Wang et al. (1998) showed that the active left-lateral Xianshuihe-Xiaojiang fault system in the SE part of the Tibetan Plateau begins as a narrow fault zone in western Sichuan (Figs. 1 and 2). It continues to the southeast as a convex-east, arcuate fault zone, and its displacement becomes partitioned progressively onto several faults, until, ∼100 km north of the Red River, the zone is more than 100 km wide and consists of numerous subparallel faults (Fig. 2). The faults of the Xianshuihe-Xiaojiang fault system cross numerous older structures and geologic contacts within the Yangtze platform at high angles, which permit accurate measurement of their displacements. Wang et al. (1998) showed that the total displacement across the Xianshuihe-Xiaojiang fault system remained essentially constant at ∼60 km whether it was measured across a single, localized fault or summed across numerous faults where the deforming zone is broad. As the Xianshuihe-Xiaojiang fault system near the Red River, the number of mapped faults is fewer, but the displacement on individual faults also becomes less. Only three of the faults reach the Red River valley, at which point each has less than 1 km of displacement and none of them offsets the well-defined contact between the metamorphic rocks of the Ailao Shan and Cenozoic strata to the north (Schoenbohm et al., 2006). Where the fault system intersects the Ailao Shan, the Ailao Shan has a WNW strike compared to the overall NW strike of the entire Ailao Shan. The change in strike was interpreted by Wang et al. (1998) as the result of accommodation of the 60 km of left-lateral shear on the Xianshuihe-Xiaojiang fault system by bending of the Ailao Shan. They further noted that, although the displacement on individual faults within the Xianshuihe-Xiaojiang fault system becomes smaller nearer to the Ailao Shan, the total shear remains approximately constant.
South of the Ailao Shan, in the Lanping-Simao fold belt, several structures, early Cenozoic fold traces and reverse (?) faults, appear to be bent, but no through-going faults parallel to the Xianshuihe-Xiaojiang fault system are present. South of the Lanping-Simao fold belt, several prominent approximately NE-striking left-lateral faults appear and can be traced to the SW for hundreds of kilometers into Indochina (Figs. 1 and 2). Many of these faults show a curved trace convex to the SE. Wang et al. (1998) interpreted the southeastern section of most of these faults (the Dien Bien Phu fault) to be the continuation of the shear mani fested in the Xianshuihe-Xiaojiang fault system. The faults north (Xianshuihe-Xiaojiang fault system) and south (Dien Bien Phu fault and others) of the Lanping-Simao were thus interpreted as part of a boundary to a broad crustal area that has been rotating around the eastern Himalayan syntaxis for at least the past ∼2–4 m.y., and most probably longer.
Modern GPS velocities for this region calculated relative to a fixed South China show that the region west of the Xianshuihe-Xiaojiang fault system and its southern continuation is being displaced in a manner that is consistent with clockwise rotation around the eastern Himalayan syntaxis (Fig. 3; King et al., 1997; Chen et al., 2000; Zhang et al., 2004). The GPS velocities parallel the major faults, and elastic dislocation modeling indicates that the geodetically determined velocities can be explained by locking of the few, major faults at a depth of 12–17 km (Studnicki-Gizbert et al., 2004; Meade, 2007). Clearly, the Xianshuihe-Xiaojiang fault system represents the system of structures that accommodates the velocity gradient between the rotating crustal fragment to the west of the fault system and South China. What the data also show is that the velocities and the velocity gradient are continuous across the Lanping-Simao fold belt, which is consistent with the analysis from the geology as well as new block model analysis of the present-day kinematics of the area (Meade, 2007). However, there are no prominent, through-going faults in this region that can be straightforwardly related to the geodetically determined velocities.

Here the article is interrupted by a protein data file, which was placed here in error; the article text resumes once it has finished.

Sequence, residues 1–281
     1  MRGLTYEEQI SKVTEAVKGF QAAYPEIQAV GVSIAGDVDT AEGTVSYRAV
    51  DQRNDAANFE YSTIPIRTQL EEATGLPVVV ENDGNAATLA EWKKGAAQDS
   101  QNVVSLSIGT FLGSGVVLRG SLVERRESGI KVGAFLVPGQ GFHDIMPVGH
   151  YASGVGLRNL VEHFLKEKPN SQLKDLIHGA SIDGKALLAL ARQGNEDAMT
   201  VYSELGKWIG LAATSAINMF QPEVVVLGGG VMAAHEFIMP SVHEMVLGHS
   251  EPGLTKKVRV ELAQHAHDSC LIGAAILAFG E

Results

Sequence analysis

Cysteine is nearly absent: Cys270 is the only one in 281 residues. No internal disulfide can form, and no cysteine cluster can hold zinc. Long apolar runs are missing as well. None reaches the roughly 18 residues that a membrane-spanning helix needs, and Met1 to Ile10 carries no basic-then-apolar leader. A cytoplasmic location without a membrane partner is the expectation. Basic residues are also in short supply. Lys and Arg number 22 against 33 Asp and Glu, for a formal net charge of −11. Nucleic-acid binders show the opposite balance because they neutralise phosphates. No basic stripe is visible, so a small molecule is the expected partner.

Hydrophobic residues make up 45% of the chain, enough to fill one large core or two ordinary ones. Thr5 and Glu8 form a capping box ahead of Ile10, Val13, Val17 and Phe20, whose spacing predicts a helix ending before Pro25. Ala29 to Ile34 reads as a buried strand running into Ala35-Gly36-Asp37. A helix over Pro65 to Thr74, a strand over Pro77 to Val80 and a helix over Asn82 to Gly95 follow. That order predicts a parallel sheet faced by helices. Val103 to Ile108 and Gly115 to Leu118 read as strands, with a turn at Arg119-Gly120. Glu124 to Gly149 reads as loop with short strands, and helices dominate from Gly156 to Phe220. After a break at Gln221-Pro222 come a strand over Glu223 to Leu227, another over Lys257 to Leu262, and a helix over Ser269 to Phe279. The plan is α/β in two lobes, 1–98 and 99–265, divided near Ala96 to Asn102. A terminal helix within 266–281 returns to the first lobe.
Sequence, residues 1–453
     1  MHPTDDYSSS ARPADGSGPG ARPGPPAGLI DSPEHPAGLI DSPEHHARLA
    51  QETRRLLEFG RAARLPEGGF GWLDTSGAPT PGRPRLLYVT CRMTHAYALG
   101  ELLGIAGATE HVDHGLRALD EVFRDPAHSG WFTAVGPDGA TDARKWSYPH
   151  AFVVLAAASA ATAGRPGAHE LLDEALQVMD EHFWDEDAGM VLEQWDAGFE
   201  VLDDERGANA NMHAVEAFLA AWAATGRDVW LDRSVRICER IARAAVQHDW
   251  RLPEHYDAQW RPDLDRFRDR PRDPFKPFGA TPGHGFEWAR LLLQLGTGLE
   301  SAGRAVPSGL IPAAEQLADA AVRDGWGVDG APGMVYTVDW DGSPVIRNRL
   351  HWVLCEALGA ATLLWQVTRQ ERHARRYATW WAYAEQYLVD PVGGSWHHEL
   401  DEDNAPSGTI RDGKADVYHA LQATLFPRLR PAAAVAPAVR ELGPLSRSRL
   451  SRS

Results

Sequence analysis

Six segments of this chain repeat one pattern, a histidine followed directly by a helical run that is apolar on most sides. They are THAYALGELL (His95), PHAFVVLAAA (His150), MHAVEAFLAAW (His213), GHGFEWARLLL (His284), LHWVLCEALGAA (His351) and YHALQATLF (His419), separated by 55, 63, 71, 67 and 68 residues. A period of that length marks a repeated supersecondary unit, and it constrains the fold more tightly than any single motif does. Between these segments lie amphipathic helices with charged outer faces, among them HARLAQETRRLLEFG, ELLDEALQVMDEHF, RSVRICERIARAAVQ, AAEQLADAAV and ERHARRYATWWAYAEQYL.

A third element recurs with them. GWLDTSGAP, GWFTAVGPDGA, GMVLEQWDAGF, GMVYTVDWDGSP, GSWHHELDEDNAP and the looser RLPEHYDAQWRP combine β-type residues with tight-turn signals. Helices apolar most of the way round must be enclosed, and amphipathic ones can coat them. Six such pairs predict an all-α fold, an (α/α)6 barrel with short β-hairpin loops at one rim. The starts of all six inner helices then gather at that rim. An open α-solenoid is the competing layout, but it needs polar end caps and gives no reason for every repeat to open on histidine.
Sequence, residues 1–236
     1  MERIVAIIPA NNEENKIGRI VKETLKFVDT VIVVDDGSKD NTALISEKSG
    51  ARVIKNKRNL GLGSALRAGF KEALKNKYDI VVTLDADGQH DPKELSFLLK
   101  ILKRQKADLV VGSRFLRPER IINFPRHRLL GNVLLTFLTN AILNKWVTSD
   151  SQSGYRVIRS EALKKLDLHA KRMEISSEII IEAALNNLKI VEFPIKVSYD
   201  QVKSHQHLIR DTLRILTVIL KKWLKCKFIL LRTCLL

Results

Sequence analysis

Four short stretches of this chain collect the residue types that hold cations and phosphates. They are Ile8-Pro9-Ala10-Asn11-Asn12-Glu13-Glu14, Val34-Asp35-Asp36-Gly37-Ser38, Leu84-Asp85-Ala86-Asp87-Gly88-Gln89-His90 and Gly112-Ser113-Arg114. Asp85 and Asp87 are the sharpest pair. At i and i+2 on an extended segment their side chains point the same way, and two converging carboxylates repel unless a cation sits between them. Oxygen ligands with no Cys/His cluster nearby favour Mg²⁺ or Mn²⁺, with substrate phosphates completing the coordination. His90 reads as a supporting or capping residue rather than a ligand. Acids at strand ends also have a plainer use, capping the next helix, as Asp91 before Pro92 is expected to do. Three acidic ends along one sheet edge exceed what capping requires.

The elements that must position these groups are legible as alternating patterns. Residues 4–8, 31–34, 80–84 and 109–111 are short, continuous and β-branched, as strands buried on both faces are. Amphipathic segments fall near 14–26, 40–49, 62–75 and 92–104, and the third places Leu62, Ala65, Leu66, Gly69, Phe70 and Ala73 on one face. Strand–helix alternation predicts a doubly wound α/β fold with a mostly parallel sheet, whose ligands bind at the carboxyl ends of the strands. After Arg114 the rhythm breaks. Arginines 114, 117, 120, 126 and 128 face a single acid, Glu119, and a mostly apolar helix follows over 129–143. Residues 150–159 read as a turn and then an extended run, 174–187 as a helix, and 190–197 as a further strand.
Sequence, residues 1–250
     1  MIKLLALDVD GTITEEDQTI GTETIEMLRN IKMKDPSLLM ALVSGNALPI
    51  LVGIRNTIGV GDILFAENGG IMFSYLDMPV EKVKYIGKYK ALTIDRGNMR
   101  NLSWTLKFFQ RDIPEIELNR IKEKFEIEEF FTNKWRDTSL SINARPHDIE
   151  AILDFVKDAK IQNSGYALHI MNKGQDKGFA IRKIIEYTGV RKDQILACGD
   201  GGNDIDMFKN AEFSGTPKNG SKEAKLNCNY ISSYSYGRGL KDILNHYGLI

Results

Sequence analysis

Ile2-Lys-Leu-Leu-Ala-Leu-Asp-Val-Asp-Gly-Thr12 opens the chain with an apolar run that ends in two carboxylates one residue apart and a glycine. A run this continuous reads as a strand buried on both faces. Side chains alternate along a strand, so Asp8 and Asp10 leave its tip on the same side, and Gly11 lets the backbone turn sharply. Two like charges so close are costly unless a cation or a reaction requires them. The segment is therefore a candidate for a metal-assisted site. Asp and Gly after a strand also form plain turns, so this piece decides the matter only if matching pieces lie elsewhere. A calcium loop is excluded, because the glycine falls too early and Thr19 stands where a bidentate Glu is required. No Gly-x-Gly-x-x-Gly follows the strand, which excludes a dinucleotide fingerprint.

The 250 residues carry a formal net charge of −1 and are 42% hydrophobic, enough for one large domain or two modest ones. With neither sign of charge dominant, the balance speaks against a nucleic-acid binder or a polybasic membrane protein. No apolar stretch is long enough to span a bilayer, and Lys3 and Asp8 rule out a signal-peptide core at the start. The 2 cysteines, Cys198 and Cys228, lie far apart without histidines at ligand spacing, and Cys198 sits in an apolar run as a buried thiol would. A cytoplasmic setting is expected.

Examination of GPS velocities also shows that the translation paths defining crustal rotation are divergent, and there is another velocity gradient with increasing westward component of velocity associated with transtension and left-lateral slip on the active Dali fault system closer to the syntaxis (Fig. 3). The Dali fault system (Fig. 4) consists of several left-lateral faults (the Zhongdian, Jianchuan, Lijiang, and Chenghai faults, among others) that generally parallel the GPS velocities (in a South China frame, see Zhang et al., 2004) and have a convex-east arcuate pattern. The faults are prominent and easily recognizable structures that can be traced in the field and in remote-sensing imagery to the south, where they intersect the eastern boundary of the Lanping-Simao fold belt, and then apparently end. They only displace the boundary locally along the easternmost fault of the Dali fault system (the Chenghai fault; Schoenbohm et al., 2006). On the south side of the Lanping-Simao fold belt, several active, convex-east, left-lateral faults are present that can be regarded as the SW continuation of the left-lateral shear gradient. Like the situation with the Xianshuihe-Xiaojiang fault system to the southeast, there are no faults that mark the shear that must cross the Lanping-Simao fold belt. Thus, like the Xianshuihe-Xiaojiang fault system, the shear gradient along the Dali fault system continues through rocks without any recognizable through-going structures that might accommodate the shear.